Clustering was introduced to provide scalability and high availability. The clustering described in this article is shared storage clustering, where in nodes belonging to the cluster have access to a common storage.
Deduplication is a very CPU and memory intensive process. With many clients accessing the system, the performance of the system can be limited by high CPU usage, primarily due to hash (fingerprint) computation of data blocks and/or compression of data blocks
Single Point of Failure
Prior to the clustering feature a QUADStor system is a single point of failure. On a failure clients no longer have access to data in the VDisk(s) till the QUADStor system is back online.
QUADStor Clustering Architecture
In a QUADStor cluster there are three kinds of nodes
A Controller Node is the most important node of in the cluster. There can only be one controller node per cluster. The controller node is in charge of VDisk metadata and block allocation policies. Without a controller node the whole cluster cannot perform
Host systems can access VDisks configured on the controller node through either a client node or the controller node itself. As with the controller node the VDisks can be accessed by the iSCSI, FC and local interfaces of the client node
A Client node can also perform as a master node. As with the controller node there can only be one master node in a cluster. The master node can take charge of VDisk metadata and block allocation policies from the controller node. The master node takes charge of this when either the controller node has failed or voluntarily relinquishes control.
IO request processing
When a client node receives a write command, the client node computes the hash fingerprints for the newly received data blocks and communicates this information to the controller node. The controller node validates the write request and based on the fingerprint information instructs the client which blocks are unique and where to write the unique blocks, which are duplicate etc.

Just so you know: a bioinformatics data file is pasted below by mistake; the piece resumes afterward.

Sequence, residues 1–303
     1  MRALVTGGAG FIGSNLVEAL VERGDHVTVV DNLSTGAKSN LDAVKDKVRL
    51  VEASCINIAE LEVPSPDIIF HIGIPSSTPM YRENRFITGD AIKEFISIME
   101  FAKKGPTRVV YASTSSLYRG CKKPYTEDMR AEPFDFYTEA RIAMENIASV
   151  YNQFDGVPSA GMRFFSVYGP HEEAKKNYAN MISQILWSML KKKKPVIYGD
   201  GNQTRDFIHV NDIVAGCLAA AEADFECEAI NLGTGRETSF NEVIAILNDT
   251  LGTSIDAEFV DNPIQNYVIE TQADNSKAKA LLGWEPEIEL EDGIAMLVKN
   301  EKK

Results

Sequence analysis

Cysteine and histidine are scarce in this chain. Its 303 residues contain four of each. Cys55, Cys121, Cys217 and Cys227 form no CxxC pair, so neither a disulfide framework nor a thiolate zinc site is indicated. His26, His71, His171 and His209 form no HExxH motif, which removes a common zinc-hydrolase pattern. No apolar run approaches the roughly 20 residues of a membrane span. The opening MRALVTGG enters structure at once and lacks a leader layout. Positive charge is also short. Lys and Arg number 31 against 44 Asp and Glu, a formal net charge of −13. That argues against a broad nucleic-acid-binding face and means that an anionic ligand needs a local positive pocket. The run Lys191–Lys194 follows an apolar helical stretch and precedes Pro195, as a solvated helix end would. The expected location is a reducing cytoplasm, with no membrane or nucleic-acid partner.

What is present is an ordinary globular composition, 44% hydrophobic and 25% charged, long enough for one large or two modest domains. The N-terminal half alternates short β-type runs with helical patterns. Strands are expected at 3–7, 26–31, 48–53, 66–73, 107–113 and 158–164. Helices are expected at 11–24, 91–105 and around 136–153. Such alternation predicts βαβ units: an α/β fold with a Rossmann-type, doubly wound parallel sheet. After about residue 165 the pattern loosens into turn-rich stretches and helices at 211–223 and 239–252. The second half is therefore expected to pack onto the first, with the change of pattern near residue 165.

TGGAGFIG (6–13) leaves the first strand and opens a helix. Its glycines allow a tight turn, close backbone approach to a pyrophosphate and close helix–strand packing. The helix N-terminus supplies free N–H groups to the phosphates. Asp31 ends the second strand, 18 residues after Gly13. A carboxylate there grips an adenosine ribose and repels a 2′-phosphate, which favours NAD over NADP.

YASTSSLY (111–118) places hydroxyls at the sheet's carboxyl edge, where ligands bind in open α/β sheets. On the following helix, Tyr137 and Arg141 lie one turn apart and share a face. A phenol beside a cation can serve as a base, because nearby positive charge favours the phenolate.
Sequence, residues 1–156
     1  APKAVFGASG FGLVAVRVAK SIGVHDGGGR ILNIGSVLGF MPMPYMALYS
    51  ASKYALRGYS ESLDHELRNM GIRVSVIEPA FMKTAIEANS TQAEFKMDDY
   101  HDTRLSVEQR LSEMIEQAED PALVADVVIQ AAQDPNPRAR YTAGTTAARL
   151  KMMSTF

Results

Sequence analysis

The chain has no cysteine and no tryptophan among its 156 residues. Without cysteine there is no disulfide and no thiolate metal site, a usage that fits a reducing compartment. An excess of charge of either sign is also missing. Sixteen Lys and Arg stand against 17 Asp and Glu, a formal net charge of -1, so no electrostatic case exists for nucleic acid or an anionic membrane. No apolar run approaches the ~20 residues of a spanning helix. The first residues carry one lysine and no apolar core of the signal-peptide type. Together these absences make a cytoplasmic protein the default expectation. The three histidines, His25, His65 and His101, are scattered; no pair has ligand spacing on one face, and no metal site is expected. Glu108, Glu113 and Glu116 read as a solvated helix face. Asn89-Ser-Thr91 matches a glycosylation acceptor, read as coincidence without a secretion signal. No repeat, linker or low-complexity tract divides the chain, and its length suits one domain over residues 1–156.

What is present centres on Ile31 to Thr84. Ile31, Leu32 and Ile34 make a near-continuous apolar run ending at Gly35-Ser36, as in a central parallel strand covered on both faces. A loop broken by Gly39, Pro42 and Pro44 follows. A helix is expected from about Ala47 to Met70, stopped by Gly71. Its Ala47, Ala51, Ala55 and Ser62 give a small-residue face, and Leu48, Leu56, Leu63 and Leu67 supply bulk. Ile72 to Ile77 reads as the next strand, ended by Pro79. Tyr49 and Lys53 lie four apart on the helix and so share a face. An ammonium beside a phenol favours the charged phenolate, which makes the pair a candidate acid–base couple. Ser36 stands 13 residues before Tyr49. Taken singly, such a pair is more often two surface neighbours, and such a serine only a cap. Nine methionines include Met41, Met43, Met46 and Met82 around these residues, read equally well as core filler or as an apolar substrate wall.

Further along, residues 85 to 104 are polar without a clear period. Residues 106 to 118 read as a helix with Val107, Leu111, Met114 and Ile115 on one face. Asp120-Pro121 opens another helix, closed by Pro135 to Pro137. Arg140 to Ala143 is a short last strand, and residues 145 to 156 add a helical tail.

Similarly when a client node receives a read command, the client node communicates the command information to controller. The controller node validates the read request and instructs the client node which data blocks to read and from where in order to satisfy the read request. Once the data blocks are read the response is sent to the host originating the read request
The following figure illustrates the IO request processing
As mentioned before one of the client nodes in the cluster can also perform as a master node. The requirement for a master node is that it have access to all disks configured as physical storage on the controller node. The master node can serve client node request in the absence of the controller node. Once a controller node is back online the master node relinquishes its control.
In the following figure the host only can access the VDisk through the interfaces of the client node. The client node communicates with the controller node for command related decisions. If the controller node fails and the master node is available, the client switches over to the master node and continues.
In the following figure the host accesses the VDisks through the controller node and the master node. The host sees the controller node and master node as different paths to the same disk. Active-Passive and Active-Active configurations are both supported
If the controller node fails, the host continues IO to/from the master node